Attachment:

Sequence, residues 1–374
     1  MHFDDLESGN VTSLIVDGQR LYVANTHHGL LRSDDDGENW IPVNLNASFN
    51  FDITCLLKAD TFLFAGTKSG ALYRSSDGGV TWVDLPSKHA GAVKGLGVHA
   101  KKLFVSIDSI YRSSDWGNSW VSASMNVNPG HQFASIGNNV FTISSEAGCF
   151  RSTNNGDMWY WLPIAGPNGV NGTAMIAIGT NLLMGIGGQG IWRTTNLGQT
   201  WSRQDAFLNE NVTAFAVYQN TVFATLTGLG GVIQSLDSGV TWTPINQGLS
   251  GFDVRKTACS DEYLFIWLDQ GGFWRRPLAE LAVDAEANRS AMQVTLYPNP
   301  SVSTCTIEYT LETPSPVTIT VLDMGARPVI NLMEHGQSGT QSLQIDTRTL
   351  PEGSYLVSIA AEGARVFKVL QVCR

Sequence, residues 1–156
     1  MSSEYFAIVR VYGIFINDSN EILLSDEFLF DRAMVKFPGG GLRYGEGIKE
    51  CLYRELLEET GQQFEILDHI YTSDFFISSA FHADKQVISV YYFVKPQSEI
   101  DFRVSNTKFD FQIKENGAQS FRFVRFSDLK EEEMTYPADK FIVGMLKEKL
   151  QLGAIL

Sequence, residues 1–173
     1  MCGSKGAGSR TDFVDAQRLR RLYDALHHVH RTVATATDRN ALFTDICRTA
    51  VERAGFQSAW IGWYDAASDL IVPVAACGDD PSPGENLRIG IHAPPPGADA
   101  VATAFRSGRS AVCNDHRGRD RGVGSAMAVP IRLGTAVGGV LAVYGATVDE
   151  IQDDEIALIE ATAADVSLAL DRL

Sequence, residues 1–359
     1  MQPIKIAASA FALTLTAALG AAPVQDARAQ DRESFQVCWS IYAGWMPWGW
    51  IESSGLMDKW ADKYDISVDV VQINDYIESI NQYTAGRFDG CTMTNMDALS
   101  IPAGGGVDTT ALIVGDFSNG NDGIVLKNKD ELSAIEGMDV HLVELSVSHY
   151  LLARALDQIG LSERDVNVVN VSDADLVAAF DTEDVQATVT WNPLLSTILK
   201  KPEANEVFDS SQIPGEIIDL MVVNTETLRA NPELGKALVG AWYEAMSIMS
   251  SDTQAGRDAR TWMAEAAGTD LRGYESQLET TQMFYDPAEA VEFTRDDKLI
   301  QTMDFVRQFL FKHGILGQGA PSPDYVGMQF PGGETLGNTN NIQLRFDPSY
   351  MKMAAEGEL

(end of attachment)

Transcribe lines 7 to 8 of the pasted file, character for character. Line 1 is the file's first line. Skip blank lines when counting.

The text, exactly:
   251  GFDVRKTACS DEYLFIWLDQ GGFWRRPLAE LAVDAEANRS AMQVTLYPNP
   301  SVSTCTIEYT LETPSPVTIT VLDMGARPVI NLMEHGQSGT QSLQIDTRTL